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This article explains the benefits of magnesium and how it can help for treating insomnia.
How Magnesium Can Help You Sleep
Written by Kerri-Ann Jennings, MS, RD — Updated on April 30, 2017
Many people have trouble sleeping, and breaking the cycle of insomnia can be hard.
You can try changing your sleep routine and curbing your caffeine intake, but sometimes these lifestyle interventions fall short.
Supplements are another popular option. One supplement that’s gained some attention as a potential sleep aid is magnesium.
This mineral has wide-ranging effects in the body and may influence some of the processes that promote sleep.
Read on to learn the connection between magnesium and a good night’s sleep.
What Is Magnesium?
Magnesium is one of the most common minerals on earth and is present in many foods (1, 2, 3).
It’s essential for human health and is used in over 600 cellular reactions throughout your body (3).
In fact, every cell and organ need this mineral to function properly. It contributes to bone health, as well as proper brain, heart and muscle function (3).
Magnesium supplements have been linked to a number of benefits, including fighting inflammation, relieving constipation and lowering blood pressure (4, 5).
In addition, magnesium may help treat sleep problems.
Many types of magnesium supplements are available. These include magnesium citrate, magnesium oxide and magnesium chloride.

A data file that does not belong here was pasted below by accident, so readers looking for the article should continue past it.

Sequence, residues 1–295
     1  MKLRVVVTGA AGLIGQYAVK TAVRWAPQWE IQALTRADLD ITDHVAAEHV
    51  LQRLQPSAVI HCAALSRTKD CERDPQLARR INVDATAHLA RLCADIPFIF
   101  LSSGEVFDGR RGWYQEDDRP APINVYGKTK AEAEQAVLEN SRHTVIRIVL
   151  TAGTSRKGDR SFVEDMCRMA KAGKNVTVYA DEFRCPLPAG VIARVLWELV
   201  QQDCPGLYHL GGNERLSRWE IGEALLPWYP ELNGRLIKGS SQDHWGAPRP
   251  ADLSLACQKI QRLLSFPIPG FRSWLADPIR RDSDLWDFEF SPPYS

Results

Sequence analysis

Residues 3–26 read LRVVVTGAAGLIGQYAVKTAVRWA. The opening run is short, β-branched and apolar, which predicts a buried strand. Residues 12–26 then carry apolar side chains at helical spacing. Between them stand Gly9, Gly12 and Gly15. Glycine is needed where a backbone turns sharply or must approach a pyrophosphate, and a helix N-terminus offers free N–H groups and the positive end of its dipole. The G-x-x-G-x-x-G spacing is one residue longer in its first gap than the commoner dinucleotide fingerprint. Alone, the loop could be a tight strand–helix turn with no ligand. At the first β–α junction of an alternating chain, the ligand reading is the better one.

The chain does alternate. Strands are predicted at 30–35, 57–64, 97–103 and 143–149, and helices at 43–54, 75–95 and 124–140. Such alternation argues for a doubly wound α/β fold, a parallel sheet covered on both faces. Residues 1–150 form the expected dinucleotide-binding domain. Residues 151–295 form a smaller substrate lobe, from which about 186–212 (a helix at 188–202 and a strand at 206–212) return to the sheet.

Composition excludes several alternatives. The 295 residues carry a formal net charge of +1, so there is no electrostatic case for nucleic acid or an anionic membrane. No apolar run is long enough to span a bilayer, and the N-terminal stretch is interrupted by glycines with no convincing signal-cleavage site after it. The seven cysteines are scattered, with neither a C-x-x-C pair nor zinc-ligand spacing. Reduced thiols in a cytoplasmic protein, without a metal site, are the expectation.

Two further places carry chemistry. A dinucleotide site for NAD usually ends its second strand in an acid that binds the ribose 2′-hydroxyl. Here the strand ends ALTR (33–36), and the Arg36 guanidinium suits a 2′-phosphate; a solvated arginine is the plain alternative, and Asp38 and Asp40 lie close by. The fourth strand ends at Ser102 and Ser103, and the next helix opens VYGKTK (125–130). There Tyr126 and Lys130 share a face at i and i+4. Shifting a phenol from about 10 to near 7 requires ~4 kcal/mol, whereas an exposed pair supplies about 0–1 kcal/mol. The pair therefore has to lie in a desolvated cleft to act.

It Can Help Your Body and Brain Relax
In order to fall asleep and stay asleep, your body and brain need to relax.
On a chemical level, magnesium aids this process by activating the parasympathetic nervous system, the system responsible for getting you calm and relaxed (6).
First, magnesium regulates neurotransmitters, which send signals throughout the nervous system and brain.
It also regulates the hormone melatonin, which guides sleep-wake cycles in your body (7).
Second, this mineral binds to gamma-aminobutyric acid (GABA) receptors. GABA is the neurotransmitter responsible for quieting down nerve activity. It is the same neurotransmitter used by sleep drugs like Ambien (8, 9).
By helping to quiet the nervous system, magnesium may help prepare your body and mind for sleep.
Not Having Enough of It Interferes With Sleep
Not having enough magnesium in your system can cause troubled sleep and even insomnia (10).
Studies in mice have shown that optimal levels of this mineral are needed for normal sleep and that both high and low levels can cause sleep problems (11).
Certain groups of people have a higher risk of magnesium deficiency, including (2):
People with digestive diseases: Issues with your digestive tract can cause your body to not absorb vitamins and minerals properly, resulting in deficiencies.
People with diabetes: Insulin resistance and diabetes are linked with excess magnesium loss.
People with alcohol dependence: Deficiency in this mineral is common among those who drink heavily.
Older adults: Many older adults have less magnesium in their diets than younger adults and may also be less efficient at absorbing it.
If you’re not getting enough magnesium, then you may experience sleep problems.